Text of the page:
I am not sure how equality can ever be based on tokenism and/or cosmetics. Equality based on tokenism and cosmetics follows a similar illogic. No matter how one stretches the former it could never collapse into the latter. Equality suggests that people must be treated fairly and given similar opportunities. They ought to be selected on the basis of their ability rather than their gender even though placing people in positions because of their gender or race can have beneficial results.
Tokenism, on the other hand, places a person in a position as a symbol (that is, as a token), a recognition of the need to be fair and just. How, in this context, can equality be based on tokenism or cosmetics? No matter how much tokenism or cosmetics one engages in, it can never culminate in equality. That is to say, no matter how we add up tokenism and cosmetics, they can never achieve the goal of equality. Such a statement is a non sequitur. The inference (equality) does not follow from the condition (tokenism). Rather than discourse intelligently about equality, Maharaj meant to embarrass Persad-Bissessar. He succeeded only in embarrassing himself.
Such embarrassment was compounded when he observed: "You must not be satisfied to achieve a position and get equal treatment merely because you are a woman." I don't quite know what it is to be "merely" a woman. Women strive for equality because they are women. Earning positions and recognition in a male-oriented society is not an easy matter. Men, it seems, usually make the decisions. They do not necessarily work harder than women do.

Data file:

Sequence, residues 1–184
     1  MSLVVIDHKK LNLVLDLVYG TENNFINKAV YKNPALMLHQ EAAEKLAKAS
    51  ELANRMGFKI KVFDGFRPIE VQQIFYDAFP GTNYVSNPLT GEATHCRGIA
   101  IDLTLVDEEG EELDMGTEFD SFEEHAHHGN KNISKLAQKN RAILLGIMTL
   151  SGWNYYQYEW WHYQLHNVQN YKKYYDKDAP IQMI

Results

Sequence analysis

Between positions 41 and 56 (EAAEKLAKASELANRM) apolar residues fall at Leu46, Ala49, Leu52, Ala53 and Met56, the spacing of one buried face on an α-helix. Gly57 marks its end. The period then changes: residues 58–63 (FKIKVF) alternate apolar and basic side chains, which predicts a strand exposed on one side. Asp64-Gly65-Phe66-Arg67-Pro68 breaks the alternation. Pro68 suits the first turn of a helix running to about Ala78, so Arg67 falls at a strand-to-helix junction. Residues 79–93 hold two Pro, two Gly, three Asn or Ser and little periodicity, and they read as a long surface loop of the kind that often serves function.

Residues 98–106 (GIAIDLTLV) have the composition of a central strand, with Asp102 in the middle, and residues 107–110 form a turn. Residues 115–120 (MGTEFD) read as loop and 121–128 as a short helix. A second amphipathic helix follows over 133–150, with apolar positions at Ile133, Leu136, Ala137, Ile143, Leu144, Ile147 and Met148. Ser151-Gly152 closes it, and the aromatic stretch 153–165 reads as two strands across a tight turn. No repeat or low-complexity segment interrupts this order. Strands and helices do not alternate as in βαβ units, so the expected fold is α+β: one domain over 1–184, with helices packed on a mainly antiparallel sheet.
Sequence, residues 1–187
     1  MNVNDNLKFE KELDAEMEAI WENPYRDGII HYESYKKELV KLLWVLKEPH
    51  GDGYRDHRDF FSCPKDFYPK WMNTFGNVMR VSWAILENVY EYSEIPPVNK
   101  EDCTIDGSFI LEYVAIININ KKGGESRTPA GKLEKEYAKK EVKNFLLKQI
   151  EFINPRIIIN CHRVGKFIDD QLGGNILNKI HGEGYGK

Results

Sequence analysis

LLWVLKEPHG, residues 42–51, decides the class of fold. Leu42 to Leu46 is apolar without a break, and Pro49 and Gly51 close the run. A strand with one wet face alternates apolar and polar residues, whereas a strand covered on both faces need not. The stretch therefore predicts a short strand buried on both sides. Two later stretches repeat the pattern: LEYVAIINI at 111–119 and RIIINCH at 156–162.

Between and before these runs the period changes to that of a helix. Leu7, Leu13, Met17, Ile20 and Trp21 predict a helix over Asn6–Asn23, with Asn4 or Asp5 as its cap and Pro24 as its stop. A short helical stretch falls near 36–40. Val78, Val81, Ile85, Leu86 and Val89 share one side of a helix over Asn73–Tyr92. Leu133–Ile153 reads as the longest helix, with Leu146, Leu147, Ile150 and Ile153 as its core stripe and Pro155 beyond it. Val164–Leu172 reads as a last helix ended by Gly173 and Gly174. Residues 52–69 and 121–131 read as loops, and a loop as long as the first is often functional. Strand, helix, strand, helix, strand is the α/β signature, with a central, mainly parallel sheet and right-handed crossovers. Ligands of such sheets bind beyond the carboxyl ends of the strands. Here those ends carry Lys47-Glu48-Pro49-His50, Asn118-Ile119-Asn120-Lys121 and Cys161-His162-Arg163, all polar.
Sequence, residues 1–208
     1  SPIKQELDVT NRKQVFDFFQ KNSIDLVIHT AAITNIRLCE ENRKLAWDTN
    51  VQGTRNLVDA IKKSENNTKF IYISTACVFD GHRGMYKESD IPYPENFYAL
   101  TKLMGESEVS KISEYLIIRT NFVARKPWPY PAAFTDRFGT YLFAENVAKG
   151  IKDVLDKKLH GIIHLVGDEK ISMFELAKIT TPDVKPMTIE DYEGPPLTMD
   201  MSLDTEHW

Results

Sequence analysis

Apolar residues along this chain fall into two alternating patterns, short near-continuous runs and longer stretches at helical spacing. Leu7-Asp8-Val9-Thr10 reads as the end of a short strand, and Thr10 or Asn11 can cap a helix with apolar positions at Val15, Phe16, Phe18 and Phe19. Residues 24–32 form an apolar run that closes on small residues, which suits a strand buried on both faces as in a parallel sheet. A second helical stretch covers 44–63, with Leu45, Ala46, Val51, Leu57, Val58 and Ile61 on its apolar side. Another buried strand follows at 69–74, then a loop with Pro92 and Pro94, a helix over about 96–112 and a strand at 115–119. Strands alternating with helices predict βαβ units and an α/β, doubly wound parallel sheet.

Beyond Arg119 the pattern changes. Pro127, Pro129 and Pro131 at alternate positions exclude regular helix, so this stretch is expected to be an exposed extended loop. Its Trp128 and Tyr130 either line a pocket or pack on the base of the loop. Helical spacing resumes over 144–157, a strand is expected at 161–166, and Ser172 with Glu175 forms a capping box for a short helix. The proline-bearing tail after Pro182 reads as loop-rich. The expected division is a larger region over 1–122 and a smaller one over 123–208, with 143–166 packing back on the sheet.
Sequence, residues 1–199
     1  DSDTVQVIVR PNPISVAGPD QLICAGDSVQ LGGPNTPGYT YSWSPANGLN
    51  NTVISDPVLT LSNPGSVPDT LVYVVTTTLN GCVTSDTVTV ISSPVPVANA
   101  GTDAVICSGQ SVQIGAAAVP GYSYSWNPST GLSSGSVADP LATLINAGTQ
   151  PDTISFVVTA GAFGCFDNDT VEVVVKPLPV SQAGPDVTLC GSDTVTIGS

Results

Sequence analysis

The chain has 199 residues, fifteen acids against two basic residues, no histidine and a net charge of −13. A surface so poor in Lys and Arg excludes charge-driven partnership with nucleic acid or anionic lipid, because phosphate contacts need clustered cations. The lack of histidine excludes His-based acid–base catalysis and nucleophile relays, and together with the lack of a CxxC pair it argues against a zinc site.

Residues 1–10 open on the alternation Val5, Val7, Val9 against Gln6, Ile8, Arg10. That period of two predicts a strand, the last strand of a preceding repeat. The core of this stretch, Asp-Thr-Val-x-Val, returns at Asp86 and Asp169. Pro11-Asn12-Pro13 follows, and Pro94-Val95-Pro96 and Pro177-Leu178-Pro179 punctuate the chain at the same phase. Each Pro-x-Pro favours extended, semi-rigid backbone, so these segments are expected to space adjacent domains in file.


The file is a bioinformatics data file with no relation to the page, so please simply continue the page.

Yet, if we look at the distribution of jobs in the UNC Government or the business world, few women are in positions of power and/or influence. It has little to do with hard work. It has more to do with the opportunities they receive and the effects of male social bonding.
Full of himself and adorned in his righteousness, Maharaj adumbrated the qualities that make for success and the advancement of women. He used terms such as "strong, hard-working, competent [and] effective", usually associated with masculine behaviour. He did not include respect for others, introspection, sensitivity and magnanimity as part of his vocabulary of equality. Rudely interrupting the speech of an Acting PM, who happens to be a woman, and then advancing all the male characteristics he privileges, never seemed to be inconsistent or contradiction. But then he is a man and Persad-Bissessar is a woman. Fools always rush in where angels fear to tread.
In his ego and his pride, Maharaj tried to humiliate Persad-Bissessar and to signal his position in the party. He should remember that the powerful tread softly, are sensitive to the needs of those they wish to persuade and generally empathise with others.
Maharaj's boorish intrusion displayed male chauvinist tendencies and underlined masculine privilege. Especially in a woman's arena, his actions belied his verbal concerns for women's equality. His only concern was his own political advancement.
I am sure the women saw through his charade.